India’s investments in renewable energy are growing fast. The country plays an important role in global efforts to meet emission targets: its burgeoning middle-class has growing energy demands, while a large number of people still live in rural poverty without access to power.
Harish Hande, co-founder of the Bangalore-based company SELCO, believes that renewable energy needs to go beyond being a box-ticking exercise — it needs to create better livelihoods. For his work he has won the 2018 Skoll Award for Social Entrepreneurship.
In this interview, which is part of SciDev.Net’s Bellagio Residency 2018 series, Hande explains how SELCO coaxed banks to fund solar power for the poor, and how technological innovation is crucial to reducing energy consumption.
What motivated you to start SELCO?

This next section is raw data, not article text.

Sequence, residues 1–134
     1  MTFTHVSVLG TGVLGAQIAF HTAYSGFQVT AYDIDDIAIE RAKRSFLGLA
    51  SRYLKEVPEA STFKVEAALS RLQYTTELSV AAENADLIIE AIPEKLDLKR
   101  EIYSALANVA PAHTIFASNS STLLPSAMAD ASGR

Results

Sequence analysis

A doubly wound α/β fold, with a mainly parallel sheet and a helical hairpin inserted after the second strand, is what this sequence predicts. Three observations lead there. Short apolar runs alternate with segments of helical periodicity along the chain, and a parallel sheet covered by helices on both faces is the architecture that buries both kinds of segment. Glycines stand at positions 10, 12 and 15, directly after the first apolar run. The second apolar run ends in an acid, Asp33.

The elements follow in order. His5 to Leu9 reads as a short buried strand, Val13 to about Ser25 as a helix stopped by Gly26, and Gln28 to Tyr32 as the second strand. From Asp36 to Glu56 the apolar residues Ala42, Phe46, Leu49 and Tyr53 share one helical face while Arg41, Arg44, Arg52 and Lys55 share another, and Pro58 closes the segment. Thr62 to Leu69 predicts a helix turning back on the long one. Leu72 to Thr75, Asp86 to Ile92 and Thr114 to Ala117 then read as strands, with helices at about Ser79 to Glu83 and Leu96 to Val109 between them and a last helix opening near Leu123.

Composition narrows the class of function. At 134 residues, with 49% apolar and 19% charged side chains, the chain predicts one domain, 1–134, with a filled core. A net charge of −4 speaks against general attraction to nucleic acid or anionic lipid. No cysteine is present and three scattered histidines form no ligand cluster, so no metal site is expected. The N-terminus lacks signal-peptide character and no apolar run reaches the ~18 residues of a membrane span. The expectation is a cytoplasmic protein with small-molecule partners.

I had a feeling we are thinking wrongly about inclusivity. For example, if you and me did a PhD on sugar cane, we would be called experts on sugarcane — but a farmer who has worked with sugar cane for 45 years will not be called an expert, and he will have to listen to us because we have the PhD. Our ability to confuse, conveniently, intellectual poverty with financial poverty — it hurts me a lot.
My motivation was: how do you destroy three myths? The myths that the poor can’t afford sustainable technologies, that the poor cannot maintain sustainable technologies and that you can’t run a commercial venture while trying to meet social objectives.
How does SELCO help provide renewable energy?
We started with the concept that, if sustainable energy was to succeed, there are two things that are critical in rural areas. The first is a very good after-sale service. Often, poor people in the villages have been taken for a ride by the urban class who go and sell them system and run away. You need to gain trust that whatever is going to be installed will actually work.
The second thing is the cost. If people are to buy solar panels for their houses, which are an asset, they can be the second most expensive purchase after the house itself. You needed long-term finance, not microfinance. How do we convince the local banks to actually finance the poor?
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